There are growing concerns that state agencies in Poland were, and possibly still are, spying on journalists – a trend that could have a chilling effect on Polish media, experts warn.
Some reporters are adopting tools and practices to improve their digital security, however there is no law to protect journalists from illegal surveillance and the prospect of legislative change, to prevent unchecked surveillance and ensure media freedom, appears slim.
And there’s more to it. Evidence of state surveillance of journalists in Poland is scarce, and there is almost no public agreement on the topic, including whether spying on journalists is indeed illegitimate. This uncertainty is partly due to the deep political polarisation dominating public discourse. Since the far-right Law and Justice party (PiS) came to power in October 2015 it has enacted a series of radical reforms of state institutions, including taking over the public broadcaster which, it claimed, was politically biased. In response, most Polish media outlets were quick to take sides as either ardent supporters of the new government or fervent critics.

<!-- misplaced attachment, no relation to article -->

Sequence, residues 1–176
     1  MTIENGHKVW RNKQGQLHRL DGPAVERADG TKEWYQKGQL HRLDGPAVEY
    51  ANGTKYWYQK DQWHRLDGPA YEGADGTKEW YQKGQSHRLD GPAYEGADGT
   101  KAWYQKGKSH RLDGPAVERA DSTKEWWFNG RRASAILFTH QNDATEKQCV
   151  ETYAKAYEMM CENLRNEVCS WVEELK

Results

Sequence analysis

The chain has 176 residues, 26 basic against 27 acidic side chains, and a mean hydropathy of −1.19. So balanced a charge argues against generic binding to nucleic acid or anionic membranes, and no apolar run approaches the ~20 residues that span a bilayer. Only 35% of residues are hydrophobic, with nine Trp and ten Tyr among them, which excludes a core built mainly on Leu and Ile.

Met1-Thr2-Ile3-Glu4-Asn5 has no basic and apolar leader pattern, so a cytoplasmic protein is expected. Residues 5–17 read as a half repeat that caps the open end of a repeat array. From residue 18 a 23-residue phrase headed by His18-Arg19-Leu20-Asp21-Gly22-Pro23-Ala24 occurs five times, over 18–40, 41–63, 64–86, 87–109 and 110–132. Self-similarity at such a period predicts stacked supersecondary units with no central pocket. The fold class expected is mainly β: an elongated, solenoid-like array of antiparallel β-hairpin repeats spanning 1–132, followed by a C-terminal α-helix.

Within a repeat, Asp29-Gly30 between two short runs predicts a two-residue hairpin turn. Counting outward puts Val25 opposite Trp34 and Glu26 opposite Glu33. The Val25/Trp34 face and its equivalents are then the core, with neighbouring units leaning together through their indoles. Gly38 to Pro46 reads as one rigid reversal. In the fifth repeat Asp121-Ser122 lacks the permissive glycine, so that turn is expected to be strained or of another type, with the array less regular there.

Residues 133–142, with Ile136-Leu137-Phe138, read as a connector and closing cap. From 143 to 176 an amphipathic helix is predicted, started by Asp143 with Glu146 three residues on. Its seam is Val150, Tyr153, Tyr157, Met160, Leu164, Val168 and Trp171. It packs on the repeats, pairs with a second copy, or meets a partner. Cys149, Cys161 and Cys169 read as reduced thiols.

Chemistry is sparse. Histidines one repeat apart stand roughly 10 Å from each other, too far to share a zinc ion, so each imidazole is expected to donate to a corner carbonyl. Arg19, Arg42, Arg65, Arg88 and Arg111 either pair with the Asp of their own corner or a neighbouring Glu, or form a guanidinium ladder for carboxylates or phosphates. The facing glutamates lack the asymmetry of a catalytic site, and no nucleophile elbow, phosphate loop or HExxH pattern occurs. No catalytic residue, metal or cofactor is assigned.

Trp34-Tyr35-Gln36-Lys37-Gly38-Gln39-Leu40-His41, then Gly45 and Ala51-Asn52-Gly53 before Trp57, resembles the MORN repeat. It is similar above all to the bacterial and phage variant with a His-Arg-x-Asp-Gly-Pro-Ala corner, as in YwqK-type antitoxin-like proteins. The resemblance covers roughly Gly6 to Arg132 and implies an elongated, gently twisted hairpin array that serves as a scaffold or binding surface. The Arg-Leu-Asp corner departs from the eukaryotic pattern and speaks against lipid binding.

Spying on journalists: a political issue
As a result of this polarisation, and as part of their ongoing feud, Poland’s two leading political parties continue to trade allegations that the other has allowed the surveillance of journalists.
Over the past two years PiS ministers have publicly accused the previous administration, led by the centre right Civic Platform party, in power between 2007 and 2015, of spying on journalists on multiple occasions, mostly in the context of two political scandals.
In 2009, as the parliament was deliberating amendments to the gambling law, the gambling scandal broke. The daily Rzeczpospolita published transcripts of conversations between an MP and a casino magnate. In response, the Internal Security Agency spied on the newspaper’s staff. This was later confirmed by Mariusz Kamiński, head of the Central Anti-Corruption Bureau (CBA) between 2007-2009 and now minister without portfolio in the PiS government.